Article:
Health Collaborative reassures local vendors

DHB group warns it will not engage over a planned software project outside of an RFI process

The Health Management System Collaborative (HMSC), an alliance of seven district health boards seeking a shared health IT platform, has moved to reassure New Zealand IT vendors they are not being shut out of any tender to supply the shared system.

In mid February, the New Zealand Health IT Cluster, representing local health IT vendors, expressed its concerns about the HMSC's plans to procure a single, shared system to "leapfrog" current Patient Administration Systems. A letter from the cluster outlined a series of concerns about the effort and raised the spectre of major UK health project failures as a warning against a "monolithic" approach.

Now, in a March 5 letter posted yesterday to the cluster's website, the HMSC has responded, asking for its views to be transmitted to the same audience as received the cluster's letter.

The letter, written by Simpl consultant Joanne Wakelin and copied to HMSC member and the Ministry of Health, says individual tender efforts undertaken by the DHBs had failed to elicit the kinds of "innovative and collaborative responses" received from local vendors through the current Request for Information (RFI) process, which got under way in December.

It says there are no preconceptions about what the eventual solution might be and the RFI is an "essential information and learning phase" ahead of a formal tender. it says the ministry feels the HMSC's vision is appropriate and the fact that the RFI is in the market while the ministry is updating New Zealand's Health IT strategy, one of the issues raised in the cluster's letter, is "complementary rather than contradictory".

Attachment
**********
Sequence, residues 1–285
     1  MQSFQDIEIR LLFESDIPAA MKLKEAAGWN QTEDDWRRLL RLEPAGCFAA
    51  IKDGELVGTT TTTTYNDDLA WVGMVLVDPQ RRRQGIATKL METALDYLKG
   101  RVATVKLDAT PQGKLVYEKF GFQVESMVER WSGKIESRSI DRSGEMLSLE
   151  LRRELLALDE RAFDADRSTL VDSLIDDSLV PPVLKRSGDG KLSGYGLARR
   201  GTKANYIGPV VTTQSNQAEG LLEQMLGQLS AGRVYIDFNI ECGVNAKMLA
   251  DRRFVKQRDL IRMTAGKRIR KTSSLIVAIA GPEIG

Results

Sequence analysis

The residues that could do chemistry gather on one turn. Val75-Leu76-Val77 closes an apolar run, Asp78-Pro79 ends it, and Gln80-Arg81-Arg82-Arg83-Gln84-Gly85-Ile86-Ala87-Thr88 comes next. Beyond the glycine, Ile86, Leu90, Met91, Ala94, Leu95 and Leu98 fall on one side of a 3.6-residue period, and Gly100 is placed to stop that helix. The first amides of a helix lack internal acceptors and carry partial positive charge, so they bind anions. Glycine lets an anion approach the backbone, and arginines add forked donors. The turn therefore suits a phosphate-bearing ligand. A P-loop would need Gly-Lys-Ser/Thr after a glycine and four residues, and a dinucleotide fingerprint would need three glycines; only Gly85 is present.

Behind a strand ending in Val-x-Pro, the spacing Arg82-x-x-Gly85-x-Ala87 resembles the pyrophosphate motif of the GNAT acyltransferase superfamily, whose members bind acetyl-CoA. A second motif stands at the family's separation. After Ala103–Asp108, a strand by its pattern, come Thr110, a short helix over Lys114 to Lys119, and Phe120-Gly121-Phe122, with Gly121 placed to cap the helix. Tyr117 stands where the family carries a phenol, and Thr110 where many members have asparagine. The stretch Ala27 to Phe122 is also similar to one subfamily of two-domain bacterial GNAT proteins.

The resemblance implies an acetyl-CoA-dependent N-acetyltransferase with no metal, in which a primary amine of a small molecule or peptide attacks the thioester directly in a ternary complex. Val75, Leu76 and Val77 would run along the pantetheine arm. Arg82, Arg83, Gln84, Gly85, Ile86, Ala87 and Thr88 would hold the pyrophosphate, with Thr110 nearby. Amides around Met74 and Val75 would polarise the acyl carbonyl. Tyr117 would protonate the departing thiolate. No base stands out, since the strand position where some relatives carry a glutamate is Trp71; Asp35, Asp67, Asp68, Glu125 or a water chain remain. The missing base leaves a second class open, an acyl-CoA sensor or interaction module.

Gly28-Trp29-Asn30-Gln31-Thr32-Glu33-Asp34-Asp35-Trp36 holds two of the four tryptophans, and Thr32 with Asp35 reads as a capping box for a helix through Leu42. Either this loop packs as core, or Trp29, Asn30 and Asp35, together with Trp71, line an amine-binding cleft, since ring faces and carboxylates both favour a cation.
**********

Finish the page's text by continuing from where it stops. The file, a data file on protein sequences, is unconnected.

The letter then delivers a couple of slapdowns, warning that vendors wishing to participate must do so through the RFI process and the HMSC will not engage with them, or the cluster, regarding the RFI outside of that process. Similarly, any efforts by the cluster to influence the New Zealand Health IT Strategy or procurement processes should be undertaken through the ministry, it says.

The letter concludes by saying the HMSC effort is a potential "tipping point" that could result in dramatic improvements in health care delivery and outcomes.

Andrea Pettett, the CEO of the Health IT Cluster, says the cluster is pleased that the exchange of letters has solicited genuine and vigorous debate and she looks forward to that continuing.

The health boards involved in the HMSC are Canterbury, Nelson Marlborough, South Canterbury, MidCentral, Wairarapa, Whanganui and Northland.

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